In protein-observed methods, the chemical shift perturbations of the protein resonances observed upon ligand addition are identified to localize the ligand binding site. This enables one to immediately distinguish specific from non-specific binding. The 3D structure of the protein-ligand complex can be resolved via heteronuclear experiments performed on isotopically labelled (13C, 15N, 2H) protein samples. The structure resolution requires molecular dynamics calculations with experimental NMR restraints resulting from chemical shifts, scalar couplings, nuclear Overhauser effects (NOEs), paramagnetic interactions or residual dipolar couplings (Kay, 2011 Billeter et al., 2008Cavanagh et al.,1995).
The major drawbacks are the experimental time and the need for a highly stable and soluble protein. In addition, these methods are limited in routine practice to proteins with low molecular masses (less than 30 kDa) to avoid great effort with regard to both labelling strategies and resonance assignment.

NMR parameters such as transverse, longitudinal, and cross-relaxation rates strongly depend on the molecular rotational correlation time τc, which is directly related to the molecular weight. Ligand-based NMR experiments rely on the modification of such size-sensitive NMR parameters for the ligand in the presence of a protein receptor (Peng et al., 2004Meyer & Peters, 2003).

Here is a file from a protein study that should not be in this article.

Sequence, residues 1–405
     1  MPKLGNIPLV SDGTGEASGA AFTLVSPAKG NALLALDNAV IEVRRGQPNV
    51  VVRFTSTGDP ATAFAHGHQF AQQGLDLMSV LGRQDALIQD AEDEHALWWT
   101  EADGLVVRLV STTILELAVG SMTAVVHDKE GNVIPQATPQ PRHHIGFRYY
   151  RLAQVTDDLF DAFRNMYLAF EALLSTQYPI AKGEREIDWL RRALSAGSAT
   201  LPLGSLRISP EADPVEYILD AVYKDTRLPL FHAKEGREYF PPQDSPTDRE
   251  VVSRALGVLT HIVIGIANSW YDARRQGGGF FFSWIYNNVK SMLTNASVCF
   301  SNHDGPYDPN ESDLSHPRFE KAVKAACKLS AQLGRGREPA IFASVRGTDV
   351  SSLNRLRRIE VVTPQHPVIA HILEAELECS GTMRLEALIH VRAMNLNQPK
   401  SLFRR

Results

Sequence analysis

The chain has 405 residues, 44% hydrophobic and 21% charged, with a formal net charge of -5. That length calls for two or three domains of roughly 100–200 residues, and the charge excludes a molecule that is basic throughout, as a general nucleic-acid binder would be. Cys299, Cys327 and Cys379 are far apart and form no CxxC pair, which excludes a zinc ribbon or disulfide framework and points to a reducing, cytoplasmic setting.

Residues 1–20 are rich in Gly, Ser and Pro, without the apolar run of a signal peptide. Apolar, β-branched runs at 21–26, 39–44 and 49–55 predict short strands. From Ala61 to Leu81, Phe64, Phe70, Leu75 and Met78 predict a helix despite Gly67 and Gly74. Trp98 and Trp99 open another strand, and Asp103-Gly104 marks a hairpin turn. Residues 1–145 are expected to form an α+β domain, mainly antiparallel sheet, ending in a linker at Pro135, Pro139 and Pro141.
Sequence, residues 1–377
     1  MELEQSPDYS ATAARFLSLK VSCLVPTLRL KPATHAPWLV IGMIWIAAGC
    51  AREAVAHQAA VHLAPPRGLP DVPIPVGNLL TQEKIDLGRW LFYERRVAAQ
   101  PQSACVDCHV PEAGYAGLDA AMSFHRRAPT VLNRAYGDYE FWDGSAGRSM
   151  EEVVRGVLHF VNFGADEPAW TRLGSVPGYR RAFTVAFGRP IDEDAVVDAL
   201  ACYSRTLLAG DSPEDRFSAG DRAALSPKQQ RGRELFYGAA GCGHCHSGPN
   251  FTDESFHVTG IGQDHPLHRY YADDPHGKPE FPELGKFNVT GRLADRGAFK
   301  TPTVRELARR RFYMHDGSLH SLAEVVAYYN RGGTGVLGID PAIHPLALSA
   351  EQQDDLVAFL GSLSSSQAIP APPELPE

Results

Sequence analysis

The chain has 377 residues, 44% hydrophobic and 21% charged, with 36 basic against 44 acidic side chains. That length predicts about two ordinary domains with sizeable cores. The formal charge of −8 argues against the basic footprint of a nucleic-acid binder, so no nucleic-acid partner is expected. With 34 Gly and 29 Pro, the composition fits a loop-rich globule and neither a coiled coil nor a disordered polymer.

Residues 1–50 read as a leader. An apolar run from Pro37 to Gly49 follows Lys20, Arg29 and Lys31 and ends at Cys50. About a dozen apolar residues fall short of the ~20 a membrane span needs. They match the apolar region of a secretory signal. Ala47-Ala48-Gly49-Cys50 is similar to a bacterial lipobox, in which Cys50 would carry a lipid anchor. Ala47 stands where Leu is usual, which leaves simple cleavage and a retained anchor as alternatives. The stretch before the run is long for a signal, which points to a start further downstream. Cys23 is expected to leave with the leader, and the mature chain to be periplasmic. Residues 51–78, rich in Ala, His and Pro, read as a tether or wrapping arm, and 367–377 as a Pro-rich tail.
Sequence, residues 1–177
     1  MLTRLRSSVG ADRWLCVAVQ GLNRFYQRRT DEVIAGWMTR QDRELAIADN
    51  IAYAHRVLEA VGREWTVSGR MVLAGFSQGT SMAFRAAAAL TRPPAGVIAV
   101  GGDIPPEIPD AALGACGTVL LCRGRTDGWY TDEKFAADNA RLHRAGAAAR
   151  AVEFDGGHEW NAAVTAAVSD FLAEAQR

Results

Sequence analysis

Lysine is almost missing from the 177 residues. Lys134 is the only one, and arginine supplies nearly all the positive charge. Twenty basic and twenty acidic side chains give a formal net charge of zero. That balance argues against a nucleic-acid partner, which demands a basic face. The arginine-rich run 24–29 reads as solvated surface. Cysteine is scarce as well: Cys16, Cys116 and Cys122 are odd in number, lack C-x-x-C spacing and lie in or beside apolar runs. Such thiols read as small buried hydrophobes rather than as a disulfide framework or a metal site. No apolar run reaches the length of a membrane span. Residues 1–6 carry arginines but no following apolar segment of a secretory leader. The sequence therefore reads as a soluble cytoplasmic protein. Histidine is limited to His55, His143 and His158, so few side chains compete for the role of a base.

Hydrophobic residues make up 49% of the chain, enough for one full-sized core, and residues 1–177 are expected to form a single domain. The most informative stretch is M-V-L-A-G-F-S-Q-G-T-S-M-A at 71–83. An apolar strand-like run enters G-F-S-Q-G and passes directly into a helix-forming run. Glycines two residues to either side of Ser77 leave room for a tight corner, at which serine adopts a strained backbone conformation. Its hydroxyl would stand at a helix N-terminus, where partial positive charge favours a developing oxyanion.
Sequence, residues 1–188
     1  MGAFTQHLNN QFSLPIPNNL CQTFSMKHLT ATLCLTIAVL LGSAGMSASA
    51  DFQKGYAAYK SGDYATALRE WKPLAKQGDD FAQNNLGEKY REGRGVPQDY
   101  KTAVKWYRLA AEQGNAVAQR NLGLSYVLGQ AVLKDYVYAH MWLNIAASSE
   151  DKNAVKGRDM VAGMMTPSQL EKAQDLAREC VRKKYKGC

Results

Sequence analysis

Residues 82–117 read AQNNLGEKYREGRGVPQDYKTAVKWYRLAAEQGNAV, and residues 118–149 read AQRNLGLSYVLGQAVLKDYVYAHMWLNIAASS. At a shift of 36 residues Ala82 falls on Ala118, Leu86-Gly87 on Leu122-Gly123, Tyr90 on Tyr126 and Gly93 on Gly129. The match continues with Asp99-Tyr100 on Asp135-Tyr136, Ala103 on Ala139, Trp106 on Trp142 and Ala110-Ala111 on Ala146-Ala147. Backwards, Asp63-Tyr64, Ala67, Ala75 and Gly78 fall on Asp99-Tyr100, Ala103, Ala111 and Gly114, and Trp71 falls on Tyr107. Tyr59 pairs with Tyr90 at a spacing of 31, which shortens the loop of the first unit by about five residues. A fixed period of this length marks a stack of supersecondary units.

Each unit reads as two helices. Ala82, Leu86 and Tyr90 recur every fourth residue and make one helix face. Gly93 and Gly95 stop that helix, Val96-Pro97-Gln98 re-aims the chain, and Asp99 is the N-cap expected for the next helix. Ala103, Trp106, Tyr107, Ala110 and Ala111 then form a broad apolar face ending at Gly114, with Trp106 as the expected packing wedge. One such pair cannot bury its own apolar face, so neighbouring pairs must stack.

Considering a diffusion controlled protein-ligand binding of weak to moderate affinity (dissociation constant, KD, typically between 10-8and 10-3 M), the association-dissociation process is fast within the chemical shift time-scale, so that the NMR parameters observed are a simple population-weighted average between the free and bound states. In contrast to protein-observed experiments, ligand-observation is more sensitive with larger receptors and do not require the use of isotopically labelled proteins. Ligand-based methods can be used for the detection of interactions and the measurement of protein–ligand affinities, and can also provide pertinent structural information on the protein–ligand complexes.